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A journey to Lake Chad

Adventurer and filmmaker Reza Pakravan discovers the brutal butterfly effect of global warming
Katie Hill - Editor-in-Chief, My Green Pod
A journey to Lake Chad

Due to ongoing militant activity in the region it is one of the least visited places in Africa, and Americans are banned from going there all together.

When adventurer Reza Pakravan travelled to Lake Chad however he discovered that, while people do live in fear of guns, global warming is perhaps the biggest enemy they face and is behind many of the country’s problems, including the guns.

Reza Pakravan is an adventurer and filmmaker who has travelled to some of the harshest places on the planet, but rarely has he seen such a humanitarian disaster as when he visited Lake Chad earlier this year.

The country itself left him with some incredibly positive memories, not least from the time he spent with the remote Wodaabe tribes, famed for their facial tattoos and polygamous culture. But it was Lake Chad that left Reza most affected.

A fight for survival

We hear of changing weather patterns, rising sea levels and melting polar icecaps almost daily, but the impact global warming has had on Lake Chad is on another level.

A water source for up to 30 million people, the lake has shrunk at an incredibly alarming rate: 90% since the 1960s, a global warming demise accelerated by unplanned irrigation systems.

As Reza walked the many miles of dried-up lake bed the obvious signs of the water shortage were clear – fishermen struggling to get enough food to
survive, children, whose families once lived on the lake shores, having to walk vast distances every day for water, farms that used to thrive fighting for
survival on dry arid lands.

The outlook is so dire that the UN says 10.7 million people in the Lake Chad basin are in desperate need of humanitarian relief to survive.

Violence, death and destruction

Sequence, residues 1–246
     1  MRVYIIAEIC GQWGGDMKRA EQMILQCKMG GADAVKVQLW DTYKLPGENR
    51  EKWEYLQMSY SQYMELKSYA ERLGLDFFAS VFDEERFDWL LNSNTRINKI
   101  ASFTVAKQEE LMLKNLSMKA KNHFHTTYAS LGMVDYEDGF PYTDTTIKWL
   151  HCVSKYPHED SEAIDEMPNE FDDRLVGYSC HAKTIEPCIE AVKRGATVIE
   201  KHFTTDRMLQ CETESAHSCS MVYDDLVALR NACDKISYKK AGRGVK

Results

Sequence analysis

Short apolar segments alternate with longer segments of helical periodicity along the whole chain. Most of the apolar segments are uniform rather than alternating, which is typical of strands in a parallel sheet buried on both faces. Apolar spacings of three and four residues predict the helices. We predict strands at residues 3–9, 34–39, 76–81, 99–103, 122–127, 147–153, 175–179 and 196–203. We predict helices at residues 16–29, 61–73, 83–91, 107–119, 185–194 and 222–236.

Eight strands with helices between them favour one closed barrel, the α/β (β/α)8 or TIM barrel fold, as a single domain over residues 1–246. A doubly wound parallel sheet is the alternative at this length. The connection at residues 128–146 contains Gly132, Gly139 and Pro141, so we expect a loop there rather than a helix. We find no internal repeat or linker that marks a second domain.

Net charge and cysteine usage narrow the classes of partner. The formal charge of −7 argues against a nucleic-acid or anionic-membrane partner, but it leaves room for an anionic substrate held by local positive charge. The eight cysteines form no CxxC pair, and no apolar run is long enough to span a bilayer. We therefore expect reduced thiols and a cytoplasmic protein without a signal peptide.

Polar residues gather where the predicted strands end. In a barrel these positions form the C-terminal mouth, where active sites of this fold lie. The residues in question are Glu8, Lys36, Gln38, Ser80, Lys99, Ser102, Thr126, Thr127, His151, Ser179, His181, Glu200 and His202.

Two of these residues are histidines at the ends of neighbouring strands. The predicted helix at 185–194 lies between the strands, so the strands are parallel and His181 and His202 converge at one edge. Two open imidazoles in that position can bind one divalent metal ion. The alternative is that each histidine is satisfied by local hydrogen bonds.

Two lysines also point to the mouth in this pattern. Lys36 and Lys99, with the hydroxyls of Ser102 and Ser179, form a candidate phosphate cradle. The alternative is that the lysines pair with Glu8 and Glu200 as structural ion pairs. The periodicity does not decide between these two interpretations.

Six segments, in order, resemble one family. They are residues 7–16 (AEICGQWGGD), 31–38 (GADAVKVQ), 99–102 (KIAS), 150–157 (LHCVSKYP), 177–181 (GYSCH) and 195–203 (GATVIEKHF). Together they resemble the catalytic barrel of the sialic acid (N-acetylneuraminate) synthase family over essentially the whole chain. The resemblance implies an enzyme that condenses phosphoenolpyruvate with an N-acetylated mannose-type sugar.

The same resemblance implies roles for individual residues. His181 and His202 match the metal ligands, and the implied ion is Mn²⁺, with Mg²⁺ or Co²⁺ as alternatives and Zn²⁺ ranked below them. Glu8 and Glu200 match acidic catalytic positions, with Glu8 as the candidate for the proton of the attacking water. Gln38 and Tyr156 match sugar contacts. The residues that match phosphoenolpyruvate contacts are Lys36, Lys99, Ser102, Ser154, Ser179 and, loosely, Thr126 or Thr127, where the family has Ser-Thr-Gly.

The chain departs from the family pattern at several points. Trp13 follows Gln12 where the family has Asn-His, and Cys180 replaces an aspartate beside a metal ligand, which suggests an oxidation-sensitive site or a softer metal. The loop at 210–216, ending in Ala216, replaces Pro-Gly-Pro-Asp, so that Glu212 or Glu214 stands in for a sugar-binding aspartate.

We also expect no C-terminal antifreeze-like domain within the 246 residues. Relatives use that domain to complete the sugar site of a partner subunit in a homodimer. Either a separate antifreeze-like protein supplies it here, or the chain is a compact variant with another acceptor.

As Reza continued his travels in the region he came across huge refugee camps, containing hundreds of thousands of people displaced from their homes.

While some families were driven there directly by the famine, unable to find enough food and water to survive, most were there due to a more unexpected consequence of global warming – the rise in militant activity in the area by Boko Haram. The insurgent group is working out of Nigeria, looking to form a new state and often carrying out violent and terrifying acts.

On top of the climate change, a population explosion and under-development in the area has added to increasing pressure on the dwindling resources. In a region where people are already desperate, there is little option but to flee when violence, death and destruction arrives on their doorsteps and the refugee camps continue to swell.

Global warming’s butterfly effects

The issue is complicated further by the fact Lake Chad is shared by four nations, bringing with it added bureaucracy and shared – often neglected – responsibilities.

All of this has resulted in the Lake Chad region becoming the perfect recruiting ground for the Boko Haram militants, who can offer a little cash and food to those already fighting a daily battle for survival.

‘The region is on the brink of collapse and needs the world’s attention. If there was ever an example of how, alongside the more obvious devastating consequences, global warming can have terrible butterfly effects, then this is it – everyone needs to sit up and listen.

‘The ripple effects of this global warming disaster at Lake Chad are even being felt on the streets of UK cities as refugees from Lake Chad cross the Mediterranean and into Europe. Perhaps we should stop focusing so much on how to stop immigration and more on one of the major under-discussed causes of it, global warming.

‘We may be able to predict how many centimetres our seas will rise if the polar icecaps melt, but there is no way of knowing what this will mean for the fragile stability of many of the world’s poorest communities. We need to stop thinking casually these things might happen in the future, and more these things are happening now and are already killing millions of people.

‘We need to act immediately to help the people of Lake Chad, and the millions of others around the world in similar situations, and stop things progressing further down this black tunnel.’

Adventurer and filmmaker

Click here to find out more about Reza Pakravan.

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